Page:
ARTICLE :: The traditional economic loss rule precludes plaintiffs-such as those affected by the BP Deepwater Horizon oil spill-from recovering losses not resulting from damage to person or property. Most states have applied the rule to various circumstances and have carved out several exceptions over time, including one for commercial fishermen. In the Florida Supreme Court’s decision in Curd v. Mosaic Fertilizer, LLC, the court expanded the duty element in negligence to new reaches for claims of pure economic loss. As a result, Florida now unquestionably promises the greatest opportunity compared to the other Gulf states for recovery of pure economic losses due to the negligence of a polluter such as Mosaic Fertilizer or BP. The issue that remains unclear after Curd is whether and how far this newly stated duty will extend beyond commercial fishermen to parties such as distributors, restaurants, fisheries, and fish brokers.
This Article provides a brief background of the pure economic loss rule and its application in Florida, pre- and post-Curd. The Article also provides the first in- depth analysis of the treatment of the pure economic loss rule in each of the Gulf states-Alabama, Mississippi, Louisiana, and Texas-as well as their applicable federal circuits. The analysis illustrates that Florida’s rule, following Curd, is the most amenable to plaintiffs. In the end, it is unclear just how far the holding in Curd may stretch or limit the economic loss rule in Florida and how much litigation will see the inside of a courthouse based on Curd’s precedent.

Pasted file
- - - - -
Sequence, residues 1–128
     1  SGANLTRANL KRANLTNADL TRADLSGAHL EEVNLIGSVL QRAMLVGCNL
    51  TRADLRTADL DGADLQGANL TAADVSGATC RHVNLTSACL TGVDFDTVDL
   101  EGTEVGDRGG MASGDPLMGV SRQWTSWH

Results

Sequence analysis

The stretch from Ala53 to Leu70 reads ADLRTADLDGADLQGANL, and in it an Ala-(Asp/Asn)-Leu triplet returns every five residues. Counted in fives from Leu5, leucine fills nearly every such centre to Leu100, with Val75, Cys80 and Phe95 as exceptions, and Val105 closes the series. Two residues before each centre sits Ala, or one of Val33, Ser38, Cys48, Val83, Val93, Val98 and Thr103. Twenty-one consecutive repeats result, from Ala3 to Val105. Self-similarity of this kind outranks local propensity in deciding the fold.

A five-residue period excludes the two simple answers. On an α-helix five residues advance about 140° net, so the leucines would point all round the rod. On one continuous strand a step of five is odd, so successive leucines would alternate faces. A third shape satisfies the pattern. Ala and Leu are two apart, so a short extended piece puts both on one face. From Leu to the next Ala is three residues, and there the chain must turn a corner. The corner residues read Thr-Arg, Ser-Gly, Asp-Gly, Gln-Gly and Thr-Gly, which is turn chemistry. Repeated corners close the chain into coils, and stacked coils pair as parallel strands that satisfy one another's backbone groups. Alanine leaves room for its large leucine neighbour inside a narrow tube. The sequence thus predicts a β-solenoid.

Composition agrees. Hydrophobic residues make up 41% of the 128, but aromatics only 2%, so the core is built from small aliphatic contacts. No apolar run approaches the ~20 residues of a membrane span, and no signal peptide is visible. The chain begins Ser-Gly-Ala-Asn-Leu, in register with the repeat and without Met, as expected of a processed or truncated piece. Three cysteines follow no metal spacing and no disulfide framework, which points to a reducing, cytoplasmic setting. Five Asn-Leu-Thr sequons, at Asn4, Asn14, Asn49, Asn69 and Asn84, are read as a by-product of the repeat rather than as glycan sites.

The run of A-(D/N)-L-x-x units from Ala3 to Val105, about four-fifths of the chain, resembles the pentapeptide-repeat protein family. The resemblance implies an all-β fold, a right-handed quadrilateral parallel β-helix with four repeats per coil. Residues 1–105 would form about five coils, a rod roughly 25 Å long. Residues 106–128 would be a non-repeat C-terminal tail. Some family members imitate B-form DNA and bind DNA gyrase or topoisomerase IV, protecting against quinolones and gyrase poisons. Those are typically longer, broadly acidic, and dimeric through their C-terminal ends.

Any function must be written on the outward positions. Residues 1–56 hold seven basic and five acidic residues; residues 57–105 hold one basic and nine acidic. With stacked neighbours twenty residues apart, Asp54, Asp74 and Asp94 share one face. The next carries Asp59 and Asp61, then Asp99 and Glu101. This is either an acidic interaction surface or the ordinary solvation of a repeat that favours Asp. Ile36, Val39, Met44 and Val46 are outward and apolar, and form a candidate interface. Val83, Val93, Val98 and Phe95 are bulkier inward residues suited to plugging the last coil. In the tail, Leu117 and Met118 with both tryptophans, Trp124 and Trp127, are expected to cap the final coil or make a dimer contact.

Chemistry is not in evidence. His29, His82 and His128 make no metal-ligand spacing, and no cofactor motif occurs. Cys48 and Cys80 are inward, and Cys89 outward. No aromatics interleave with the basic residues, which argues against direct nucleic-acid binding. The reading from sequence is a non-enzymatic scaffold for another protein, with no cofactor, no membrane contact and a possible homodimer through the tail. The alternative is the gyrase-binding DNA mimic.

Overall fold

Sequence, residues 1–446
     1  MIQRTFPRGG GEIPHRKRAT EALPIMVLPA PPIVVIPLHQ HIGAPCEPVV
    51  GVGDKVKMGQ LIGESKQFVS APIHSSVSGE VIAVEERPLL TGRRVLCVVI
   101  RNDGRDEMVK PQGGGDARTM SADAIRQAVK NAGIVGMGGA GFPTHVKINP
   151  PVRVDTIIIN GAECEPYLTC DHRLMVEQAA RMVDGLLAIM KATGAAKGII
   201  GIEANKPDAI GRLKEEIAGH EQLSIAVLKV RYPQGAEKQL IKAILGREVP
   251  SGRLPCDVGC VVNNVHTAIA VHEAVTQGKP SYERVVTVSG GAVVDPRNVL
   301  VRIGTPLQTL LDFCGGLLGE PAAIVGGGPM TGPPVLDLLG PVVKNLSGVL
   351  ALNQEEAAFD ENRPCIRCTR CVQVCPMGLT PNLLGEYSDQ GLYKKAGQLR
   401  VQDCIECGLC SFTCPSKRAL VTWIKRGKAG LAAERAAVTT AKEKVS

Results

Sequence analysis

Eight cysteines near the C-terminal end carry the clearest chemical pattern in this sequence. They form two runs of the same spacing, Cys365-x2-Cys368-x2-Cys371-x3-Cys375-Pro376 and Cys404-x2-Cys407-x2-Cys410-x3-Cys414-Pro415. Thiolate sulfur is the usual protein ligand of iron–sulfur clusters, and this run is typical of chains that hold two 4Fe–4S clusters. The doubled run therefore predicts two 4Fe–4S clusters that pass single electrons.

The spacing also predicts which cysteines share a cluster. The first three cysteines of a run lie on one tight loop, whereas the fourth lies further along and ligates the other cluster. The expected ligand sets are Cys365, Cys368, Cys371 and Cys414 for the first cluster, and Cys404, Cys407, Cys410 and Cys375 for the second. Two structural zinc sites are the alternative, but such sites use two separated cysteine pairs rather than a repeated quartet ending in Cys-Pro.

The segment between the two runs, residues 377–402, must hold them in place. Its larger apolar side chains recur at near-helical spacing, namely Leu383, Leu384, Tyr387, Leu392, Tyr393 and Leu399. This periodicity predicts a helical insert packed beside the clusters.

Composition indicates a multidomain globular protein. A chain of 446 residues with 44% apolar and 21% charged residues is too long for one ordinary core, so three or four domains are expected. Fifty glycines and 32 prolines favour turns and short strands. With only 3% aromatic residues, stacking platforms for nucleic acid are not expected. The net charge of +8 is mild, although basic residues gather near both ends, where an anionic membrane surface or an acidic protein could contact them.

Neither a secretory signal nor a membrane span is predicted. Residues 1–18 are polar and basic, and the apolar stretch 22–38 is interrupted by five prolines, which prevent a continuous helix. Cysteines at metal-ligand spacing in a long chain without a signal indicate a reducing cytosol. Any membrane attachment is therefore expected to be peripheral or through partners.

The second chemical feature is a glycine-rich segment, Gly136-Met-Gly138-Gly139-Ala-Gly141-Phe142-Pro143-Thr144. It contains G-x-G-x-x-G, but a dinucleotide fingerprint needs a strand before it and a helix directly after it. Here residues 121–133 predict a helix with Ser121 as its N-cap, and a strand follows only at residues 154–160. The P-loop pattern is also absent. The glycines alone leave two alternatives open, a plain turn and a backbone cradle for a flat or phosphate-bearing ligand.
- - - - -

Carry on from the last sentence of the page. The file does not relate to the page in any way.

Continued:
Read the full article via the links at the top of this post.
March 2015, Vol. 67, No. 2
Albert W. Alschuler, Limiting Political Contributions After McCutcheon, Citizens United, and SpeechNow
Alafair S. Burke, Consent Searches and Fourth Amendment Reasonableness
Jeffrey A. Lefstin, Inventive Application: A History
Onnig H. Dombalagian, Principles for Publicness
Kristen M. Blankley, Impact Preemption: A New Theory of Federal Arbitration Act Preemption
Alan Devlin, Antitrust Limits on Targeted Patent Aggregation